200,000 pounds of ivory destroyed to protest illegal trade market

Leaders of the African nation of Kenya, burned more than than 220,000 pounds of elephant and rhino ivory.

Officials said that poachers, armed with advanced weapons and connected to vast new markets across the world, are threatening to exterminate elephants and rhinos.

The Kenyan government said it is aggressively protecting these rare animals struggling to stay alive.

"But let us also be clear: poaching and trafficking wildlife is now a branch of international crime," said Uhuru Kenyatta, Kenyan President. "The fight against it will be won by alliances across nations and continents. The first step must be closer cooperation, especially among the states that hold Africa's remaining elephant herds."

"Gabo is the home today of more than half of surviving forest elephants despite having lost over the last ten years more than 10,000 elephants," said Ali Bongo Ondimba, President of Gabon. "But even in Gabon, the value of a forest elephant ivory has sparked an alarming increase in poaching. Poaching has turned elephants into refugees."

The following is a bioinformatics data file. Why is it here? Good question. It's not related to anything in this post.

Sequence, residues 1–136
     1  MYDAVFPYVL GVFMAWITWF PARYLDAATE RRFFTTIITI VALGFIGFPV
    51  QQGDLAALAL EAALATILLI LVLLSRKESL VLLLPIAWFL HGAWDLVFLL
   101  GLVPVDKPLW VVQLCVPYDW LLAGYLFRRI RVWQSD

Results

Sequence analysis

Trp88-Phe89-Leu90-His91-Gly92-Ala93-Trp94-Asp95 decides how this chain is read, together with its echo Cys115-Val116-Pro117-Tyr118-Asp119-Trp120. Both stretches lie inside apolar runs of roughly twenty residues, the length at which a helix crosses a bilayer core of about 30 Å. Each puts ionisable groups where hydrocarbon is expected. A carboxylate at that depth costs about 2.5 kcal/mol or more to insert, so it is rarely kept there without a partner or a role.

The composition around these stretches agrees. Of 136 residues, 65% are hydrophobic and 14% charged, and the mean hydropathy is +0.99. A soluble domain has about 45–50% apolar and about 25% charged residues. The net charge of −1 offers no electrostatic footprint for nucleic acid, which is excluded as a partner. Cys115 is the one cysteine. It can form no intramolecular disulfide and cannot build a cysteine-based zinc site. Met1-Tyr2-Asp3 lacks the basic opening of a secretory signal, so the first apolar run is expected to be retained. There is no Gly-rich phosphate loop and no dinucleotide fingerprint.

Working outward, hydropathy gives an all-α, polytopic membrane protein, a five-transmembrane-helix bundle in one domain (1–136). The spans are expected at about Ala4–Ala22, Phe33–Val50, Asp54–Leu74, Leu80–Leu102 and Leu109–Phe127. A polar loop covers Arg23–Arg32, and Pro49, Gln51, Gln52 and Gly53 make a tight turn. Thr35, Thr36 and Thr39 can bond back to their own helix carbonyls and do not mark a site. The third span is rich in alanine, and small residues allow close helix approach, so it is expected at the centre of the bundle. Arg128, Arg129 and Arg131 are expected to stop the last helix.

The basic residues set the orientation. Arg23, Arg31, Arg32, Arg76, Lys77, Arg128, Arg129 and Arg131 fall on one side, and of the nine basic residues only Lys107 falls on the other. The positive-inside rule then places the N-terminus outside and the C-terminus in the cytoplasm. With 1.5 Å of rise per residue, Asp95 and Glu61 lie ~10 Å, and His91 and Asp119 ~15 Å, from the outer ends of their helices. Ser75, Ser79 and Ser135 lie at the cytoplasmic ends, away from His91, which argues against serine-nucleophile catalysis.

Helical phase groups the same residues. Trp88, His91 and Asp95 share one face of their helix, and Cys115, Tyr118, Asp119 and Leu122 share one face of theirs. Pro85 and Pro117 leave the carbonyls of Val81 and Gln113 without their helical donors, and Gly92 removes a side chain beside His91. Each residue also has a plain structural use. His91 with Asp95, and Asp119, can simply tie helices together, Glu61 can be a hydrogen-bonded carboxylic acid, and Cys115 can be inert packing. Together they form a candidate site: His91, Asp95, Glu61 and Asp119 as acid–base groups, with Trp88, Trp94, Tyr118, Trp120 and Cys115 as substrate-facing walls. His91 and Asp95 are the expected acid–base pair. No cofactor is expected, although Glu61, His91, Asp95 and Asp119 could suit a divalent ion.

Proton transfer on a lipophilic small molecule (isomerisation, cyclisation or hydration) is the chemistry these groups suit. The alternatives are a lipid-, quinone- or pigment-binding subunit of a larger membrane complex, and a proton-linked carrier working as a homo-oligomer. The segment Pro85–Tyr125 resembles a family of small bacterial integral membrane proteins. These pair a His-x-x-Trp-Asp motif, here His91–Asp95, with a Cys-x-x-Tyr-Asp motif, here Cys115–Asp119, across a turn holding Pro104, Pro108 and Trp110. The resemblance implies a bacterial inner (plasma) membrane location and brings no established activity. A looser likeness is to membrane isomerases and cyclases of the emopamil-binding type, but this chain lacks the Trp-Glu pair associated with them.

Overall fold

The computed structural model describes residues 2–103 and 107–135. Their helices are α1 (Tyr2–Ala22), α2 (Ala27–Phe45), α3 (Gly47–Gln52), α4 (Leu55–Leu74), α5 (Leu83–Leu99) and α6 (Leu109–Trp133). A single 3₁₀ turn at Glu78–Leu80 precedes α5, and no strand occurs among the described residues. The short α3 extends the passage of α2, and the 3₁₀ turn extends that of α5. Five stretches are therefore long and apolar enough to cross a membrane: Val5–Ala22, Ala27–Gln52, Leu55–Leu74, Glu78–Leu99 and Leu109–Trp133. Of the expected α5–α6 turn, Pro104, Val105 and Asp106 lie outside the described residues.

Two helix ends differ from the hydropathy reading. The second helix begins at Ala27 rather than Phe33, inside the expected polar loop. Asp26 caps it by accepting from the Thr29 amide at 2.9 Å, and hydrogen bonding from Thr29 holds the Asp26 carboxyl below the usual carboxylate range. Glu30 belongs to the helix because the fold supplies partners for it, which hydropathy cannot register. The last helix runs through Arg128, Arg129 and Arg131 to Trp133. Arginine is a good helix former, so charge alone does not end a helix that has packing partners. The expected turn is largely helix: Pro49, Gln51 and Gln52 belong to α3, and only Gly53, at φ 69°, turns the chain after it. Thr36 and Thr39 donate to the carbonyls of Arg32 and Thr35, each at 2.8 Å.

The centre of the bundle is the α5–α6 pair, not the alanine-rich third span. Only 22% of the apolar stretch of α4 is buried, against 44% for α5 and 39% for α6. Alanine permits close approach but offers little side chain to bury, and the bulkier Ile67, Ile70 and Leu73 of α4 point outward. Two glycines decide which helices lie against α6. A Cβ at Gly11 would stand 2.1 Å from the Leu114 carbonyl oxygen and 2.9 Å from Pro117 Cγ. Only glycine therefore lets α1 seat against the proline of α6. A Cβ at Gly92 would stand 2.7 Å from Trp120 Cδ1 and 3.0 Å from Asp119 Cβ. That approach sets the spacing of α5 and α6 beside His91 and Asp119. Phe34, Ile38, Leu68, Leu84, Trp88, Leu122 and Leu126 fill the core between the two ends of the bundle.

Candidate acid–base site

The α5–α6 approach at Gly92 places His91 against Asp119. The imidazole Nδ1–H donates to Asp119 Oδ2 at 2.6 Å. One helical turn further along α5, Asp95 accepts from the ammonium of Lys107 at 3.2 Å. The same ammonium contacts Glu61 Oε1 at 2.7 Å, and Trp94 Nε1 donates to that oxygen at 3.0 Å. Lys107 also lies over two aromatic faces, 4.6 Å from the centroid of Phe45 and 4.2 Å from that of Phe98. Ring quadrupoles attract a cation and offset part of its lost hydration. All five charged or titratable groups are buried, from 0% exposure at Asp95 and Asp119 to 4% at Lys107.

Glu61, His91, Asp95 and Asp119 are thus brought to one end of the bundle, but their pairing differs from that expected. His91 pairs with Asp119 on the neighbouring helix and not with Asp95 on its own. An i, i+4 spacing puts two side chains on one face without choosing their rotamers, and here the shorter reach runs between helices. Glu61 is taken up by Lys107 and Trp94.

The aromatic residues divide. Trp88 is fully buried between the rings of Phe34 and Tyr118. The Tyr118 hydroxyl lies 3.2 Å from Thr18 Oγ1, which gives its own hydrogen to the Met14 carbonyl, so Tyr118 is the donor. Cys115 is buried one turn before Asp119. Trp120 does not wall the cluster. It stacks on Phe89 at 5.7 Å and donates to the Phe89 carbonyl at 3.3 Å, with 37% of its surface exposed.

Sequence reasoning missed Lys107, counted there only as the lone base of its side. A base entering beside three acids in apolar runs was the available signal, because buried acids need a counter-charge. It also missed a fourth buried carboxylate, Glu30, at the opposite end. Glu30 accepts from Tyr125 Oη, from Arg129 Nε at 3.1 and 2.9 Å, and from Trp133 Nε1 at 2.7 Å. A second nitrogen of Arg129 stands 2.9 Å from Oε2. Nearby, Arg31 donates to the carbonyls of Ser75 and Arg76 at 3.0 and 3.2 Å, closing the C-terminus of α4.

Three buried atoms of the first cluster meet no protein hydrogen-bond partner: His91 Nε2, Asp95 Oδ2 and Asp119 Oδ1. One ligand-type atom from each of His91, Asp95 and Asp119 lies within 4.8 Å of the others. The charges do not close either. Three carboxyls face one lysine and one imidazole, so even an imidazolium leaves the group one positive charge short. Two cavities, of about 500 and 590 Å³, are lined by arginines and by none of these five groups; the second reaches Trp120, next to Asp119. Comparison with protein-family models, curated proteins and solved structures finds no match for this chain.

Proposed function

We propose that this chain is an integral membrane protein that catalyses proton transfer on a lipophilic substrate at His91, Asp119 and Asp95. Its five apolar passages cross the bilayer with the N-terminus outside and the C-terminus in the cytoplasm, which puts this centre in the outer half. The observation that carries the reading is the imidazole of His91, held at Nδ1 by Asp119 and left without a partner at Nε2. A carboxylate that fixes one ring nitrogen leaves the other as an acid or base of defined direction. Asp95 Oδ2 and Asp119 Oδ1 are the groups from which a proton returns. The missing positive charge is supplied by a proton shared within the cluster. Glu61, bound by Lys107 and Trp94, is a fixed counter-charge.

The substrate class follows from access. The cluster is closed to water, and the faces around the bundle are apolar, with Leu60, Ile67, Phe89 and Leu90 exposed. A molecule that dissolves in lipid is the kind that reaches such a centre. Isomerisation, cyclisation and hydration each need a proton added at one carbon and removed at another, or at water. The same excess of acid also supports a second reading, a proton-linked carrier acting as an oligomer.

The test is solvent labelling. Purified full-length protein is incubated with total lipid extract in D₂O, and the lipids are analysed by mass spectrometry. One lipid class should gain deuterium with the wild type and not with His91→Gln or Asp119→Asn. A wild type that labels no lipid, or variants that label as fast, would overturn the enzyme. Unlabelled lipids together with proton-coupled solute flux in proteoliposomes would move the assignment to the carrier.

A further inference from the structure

President Uhuru Kenyatta lit a fuel gel, which went into the center of each pile of ivory, and ignited the confiscated contraband. It was a dramatic statement against the illegal trade of ivory and ivory-related products from endangered species.

The destruction took place at Nairobi National Park, and involved thousands of gallons of fuel.A mixture of diesel and kerosene was pumped through pipes into each pile, creating a sufficiently high temperature to incinerate the ivory.

It was a process expected to last many days before everything is reduced to ashes.

The tusks were transported in shipping containers from across Kenya, and represented the vast majority of the country's stockpile.

Poaching is still a big problem in Africa, with more than 30,000 elephants being killed in each year.

Conservationists worry that there is a real threat of elephants becoming extinct in the next 50 years, because of poaching bankrolled by the illegal trade in ivory, and fueled especially by demand in China.

"As President Obama and Secretary of State Kerry have underscored in their visits, the United States is committed to remaining a steadfast partner with Kenya to combat the illegal trade in wildlife," said Heather Higginbottom, U.S. Deputy Secretary of State for Management and Resources.